Lloyds shares may be cheap, but I think other banking stocks offer better value

Lloyds shares appear cheap compared to historical levels. But the valuations of other FTSE 100 banks look more attractive to me.

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Lloyds Banking Group (LSE:LLOY) shares are 26% cheaper than they were in December 2019. Since then we’ve had to contend with a global pandemic, inflation and falling growth.

The other retail banks in the FTSE 100 have faced the same economic conditions, yet haven’t suffered as much. Over the same period, the share prices of Barclays and NatWest Group have fallen by 14% and 9%, respectively. More impressively, HSBC‘s has gone up 6%.

Different markets

I think much of this differential is explained by Lloyds’ exposure to the UK economy, and the property market in particular.

Nearly all its revenues are generated here. And it has a 20% share of the domestic mortgage market. Inflation has remained stubbornly high in the UK, while interest rates have risen faster — and more steeply — than in some other parts of the world.

However, NatWest finds itself in a similar position. But it reported a higher return on capital employed (ROCE) for the nine months ended 30 September 2023. Its ROCE was 17.1%, compared to 16.6% for its larger rival. I suspect this is the reason why its shares have performed better.

In contrast to this, HSBC has more of an international focus and a major presence in Asia, which is currently the fastest growing region. This could explain why its ROCE for the same period is a more impressive 19.7%.

Getting into the detail

A traditional way to value banks is to look at the price-to-book ratio.

What’s this all about? Essentially, if they were to cease trading today and sell-off their assets, collect all amounts owed and repay every liability, it explains how much cash per share there would be left to give to shareholders.

On this measure, Lloyds doesn’t fare as well as its rivals.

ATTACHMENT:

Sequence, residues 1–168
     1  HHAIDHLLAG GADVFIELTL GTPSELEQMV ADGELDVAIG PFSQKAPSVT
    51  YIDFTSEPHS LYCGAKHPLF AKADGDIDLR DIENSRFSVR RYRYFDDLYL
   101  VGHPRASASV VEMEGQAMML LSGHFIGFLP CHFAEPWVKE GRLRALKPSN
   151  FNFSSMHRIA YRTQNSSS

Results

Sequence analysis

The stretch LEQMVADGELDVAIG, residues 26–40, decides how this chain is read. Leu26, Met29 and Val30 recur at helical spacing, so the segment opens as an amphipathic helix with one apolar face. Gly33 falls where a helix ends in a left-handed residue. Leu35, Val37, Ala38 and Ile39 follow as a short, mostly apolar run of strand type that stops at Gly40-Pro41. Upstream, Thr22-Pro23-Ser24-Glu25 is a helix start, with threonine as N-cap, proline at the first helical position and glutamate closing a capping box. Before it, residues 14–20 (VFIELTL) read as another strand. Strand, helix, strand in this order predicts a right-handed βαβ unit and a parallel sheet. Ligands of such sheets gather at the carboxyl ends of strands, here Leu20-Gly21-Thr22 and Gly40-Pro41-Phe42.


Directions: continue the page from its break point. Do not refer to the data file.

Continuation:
BankNet assets per share at 30.9.23 (pence)Share price at 1.12.23 (pence)Share price discount (%)
Lloyds Banking Group47.243.87
HSBC67660211
NatWest Group27120923
Barclays31614155
Source: company financial reports

As a shareholder, I find this disappointing.

But I bought the bank’s shares for its dividends rather than in anticipation of huge future growth. The consensus forecast of the 20 analysts covering the stock, is for a dividend of 2.7p in 2023. If correct, the shares are presently yielding 6.1%.

But although I’m happy with this level of return, again the others do better.

NatWest is expected to pay 16.8p this year, a yield of 8.2%. If Barclays increases it final payout by 20% — the same amount by which it put up its interim dividend — its stock would be paying 6.2%.

And although HSBC’s current return is ‘only’ 5.3%, it has promised to pay a special dividend in early 2024, if it concludes a deal to sell its operations in Canada. If realised, this would mean a current yield of over 8%.

Future outlook

Unless the prospects for the UK economy improve significantly, over the short term I can’t see any major upward movement in the Lloyds share price.

But I can’t see it going much lower either.

Lloyds’ net interest margin — the difference between the amount it charges on loans and how much it pays on deposits — was 3.15% for the first nine months of 2023. And despite expectations of falling interest rates, it’s expected to remain around this level until at least 2026.

It’s also good at managing its costs.

However, on paper I have to acknowledge that other FTSE 100 banking stocks presently appear to be cheaper.

Should you invest, the value of your investment may rise or fall and your capital is at risk. Before investing, your individual circumstances should be assessed. Consider taking independent financial advice.

HSBC Holdings is an advertising partner of The Ascent, a Motley Fool company. James Beard has positions in HSBC Holdings and Lloyds Banking Group Plc. The Motley Fool UK has recommended Barclays Plc, HSBC Holdings, and Lloyds Banking Group Plc. Views expressed on the companies mentioned in this article are those of the writer and therefore may differ from the official recommendations we make in our subscription services such as Share Advisor, Hidden Winners and Pro. Here at The Motley Fool we believe that considering a diverse range of insights makes us better investors.

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